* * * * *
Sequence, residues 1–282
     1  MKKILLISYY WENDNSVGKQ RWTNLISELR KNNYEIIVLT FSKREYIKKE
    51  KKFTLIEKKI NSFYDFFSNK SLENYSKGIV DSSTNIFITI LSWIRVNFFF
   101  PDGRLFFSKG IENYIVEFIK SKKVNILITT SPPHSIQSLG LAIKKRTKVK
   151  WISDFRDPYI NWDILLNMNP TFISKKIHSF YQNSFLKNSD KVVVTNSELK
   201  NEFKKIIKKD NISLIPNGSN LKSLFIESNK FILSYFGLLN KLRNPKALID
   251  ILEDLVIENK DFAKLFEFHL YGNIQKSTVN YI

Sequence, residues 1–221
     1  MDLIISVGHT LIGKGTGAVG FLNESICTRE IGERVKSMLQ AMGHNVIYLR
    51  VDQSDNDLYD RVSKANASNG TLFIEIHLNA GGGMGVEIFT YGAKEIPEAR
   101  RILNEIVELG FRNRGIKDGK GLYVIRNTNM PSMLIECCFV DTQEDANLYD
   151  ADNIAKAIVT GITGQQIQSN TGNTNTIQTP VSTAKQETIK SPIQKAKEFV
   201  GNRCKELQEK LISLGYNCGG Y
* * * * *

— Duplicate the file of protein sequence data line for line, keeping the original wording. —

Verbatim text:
Sequence, residues 1–282
     1  MKKILLISYY WENDNSVGKQ RWTNLISELR KNNYEIIVLT FSKREYIKKE
    51  KKFTLIEKKI NSFYDFFSNK SLENYSKGIV DSSTNIFITI LSWIRVNFFF
   101  PDGRLFFSKG IENYIVEFIK SKKVNILITT SPPHSIQSLG LAIKKRTKVK
   151  WISDFRDPYI NWDILLNMNP TFISKKIHSF YQNSFLKNSD KVVVTNSELK
   201  NEFKKIIKKD NISLIPNGSN LKSLFIESNK FILSYFGLLN KLRNPKALID
   251  ILEDLVIENK DFAKLFEFHL YGNIQKSTVN YI

Sequence, residues 1–221
     1  MDLIISVGHT LIGKGTGAVG FLNESICTRE IGERVKSMLQ AMGHNVIYLR
    51  VDQSDNDLYD RVSKANASNG TLFIEIHLNA GGGMGVEIFT YGAKEIPEAR
   101  RILNEIVELG FRNRGIKDGK GLYVIRNTNM PSMLIECCFV DTQEDANLYD
   151  ADNIAKAIVT GITGQQIQSN TGNTNTIQTP VSTAKQETIK SPIQKAKEFV
   201  GNRCKELQEK LISLGYNCGG Y